Disruptive events caused by weather and climate extremes are imposing significant and rising costs on transportation agencies in the United States. These events – ranging from dust storms to landslides to floods – adversely impact transportation system infrastructure integrity, reliability, level of service, and user safety. Increasingly, severe weather events are altering the priorities and staffing patterns of state Departments of Transportation (DOTs) as these agencies take on larger emergency response and management responsibilities. The burden of preparing for and recovering from extreme weather events can strain the financial and human resources of transportation agencies at all levels and the indirect costs associated with longer travel times and reduced level of service impose additional societal costs. The importance of these disruptive events have spurred numerous national agencies and groups to develop a range of resources intended to assist state DOTs and other transportation agencies in developing adaptation strategies to reduce the surface transportation system’s vulnerability to weather and climate extremes.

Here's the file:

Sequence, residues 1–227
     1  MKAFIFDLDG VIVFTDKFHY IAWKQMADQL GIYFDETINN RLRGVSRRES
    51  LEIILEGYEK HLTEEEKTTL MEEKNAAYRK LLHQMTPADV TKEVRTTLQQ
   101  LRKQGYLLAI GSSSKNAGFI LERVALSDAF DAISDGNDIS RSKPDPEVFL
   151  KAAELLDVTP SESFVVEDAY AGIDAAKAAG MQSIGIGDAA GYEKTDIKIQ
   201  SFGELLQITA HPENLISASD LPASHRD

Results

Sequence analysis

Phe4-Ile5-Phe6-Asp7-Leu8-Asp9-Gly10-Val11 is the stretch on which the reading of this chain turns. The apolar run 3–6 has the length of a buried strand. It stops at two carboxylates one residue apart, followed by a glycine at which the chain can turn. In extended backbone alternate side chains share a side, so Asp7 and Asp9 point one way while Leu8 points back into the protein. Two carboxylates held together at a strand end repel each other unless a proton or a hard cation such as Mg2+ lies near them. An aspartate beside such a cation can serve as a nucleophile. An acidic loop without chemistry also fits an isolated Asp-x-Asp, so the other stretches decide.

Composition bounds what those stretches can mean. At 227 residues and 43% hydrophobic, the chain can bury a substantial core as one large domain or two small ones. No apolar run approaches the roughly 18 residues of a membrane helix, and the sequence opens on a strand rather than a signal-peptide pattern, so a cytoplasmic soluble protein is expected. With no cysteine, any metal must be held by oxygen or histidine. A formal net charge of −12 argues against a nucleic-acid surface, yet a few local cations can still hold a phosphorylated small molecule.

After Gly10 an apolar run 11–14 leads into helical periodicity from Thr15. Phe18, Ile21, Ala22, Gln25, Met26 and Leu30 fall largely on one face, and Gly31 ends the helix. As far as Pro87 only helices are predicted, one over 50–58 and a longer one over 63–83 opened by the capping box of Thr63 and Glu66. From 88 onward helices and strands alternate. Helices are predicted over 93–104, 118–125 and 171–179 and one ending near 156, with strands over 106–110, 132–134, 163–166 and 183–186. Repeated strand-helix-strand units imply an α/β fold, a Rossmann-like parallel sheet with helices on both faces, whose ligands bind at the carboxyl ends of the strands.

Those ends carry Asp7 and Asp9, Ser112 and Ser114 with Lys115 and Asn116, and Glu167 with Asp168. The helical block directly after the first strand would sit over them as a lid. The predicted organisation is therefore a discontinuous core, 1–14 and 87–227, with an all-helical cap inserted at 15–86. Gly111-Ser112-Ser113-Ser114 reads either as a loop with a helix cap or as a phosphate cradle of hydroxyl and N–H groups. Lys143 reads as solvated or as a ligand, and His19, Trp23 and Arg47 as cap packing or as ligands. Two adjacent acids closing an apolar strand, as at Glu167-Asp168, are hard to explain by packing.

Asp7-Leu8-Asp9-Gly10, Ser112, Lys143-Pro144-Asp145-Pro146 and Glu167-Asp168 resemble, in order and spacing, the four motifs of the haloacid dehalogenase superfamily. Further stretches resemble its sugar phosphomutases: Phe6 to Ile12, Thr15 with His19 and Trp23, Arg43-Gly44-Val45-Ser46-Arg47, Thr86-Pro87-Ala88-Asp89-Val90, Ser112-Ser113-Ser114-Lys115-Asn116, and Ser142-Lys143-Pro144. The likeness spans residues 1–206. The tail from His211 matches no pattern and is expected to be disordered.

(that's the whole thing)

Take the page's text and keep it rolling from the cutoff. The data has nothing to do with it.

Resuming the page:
This white paper reviews the state of the practice and knowledge for climate adaptation processes at state DOTs and local transportation agencies. It also has interviews with stakeholders and reviews of recent literature. Ultimately, gaps in knowledge, methods and data are identified in the context of a simplified framework. We propose that the essence of current frameworks can be simplified into 5 core components: 1) inventorying the assets in the system, 2) assessing climate threats, 3) evaluating vulnerability (given the assets and threats identified in steps one and two), 4) rating the criticality of each asset to overall system performance, and finally 5) implementing adaptation actions to reduce adverse impacts based on the vulnerability and criticality evaluations.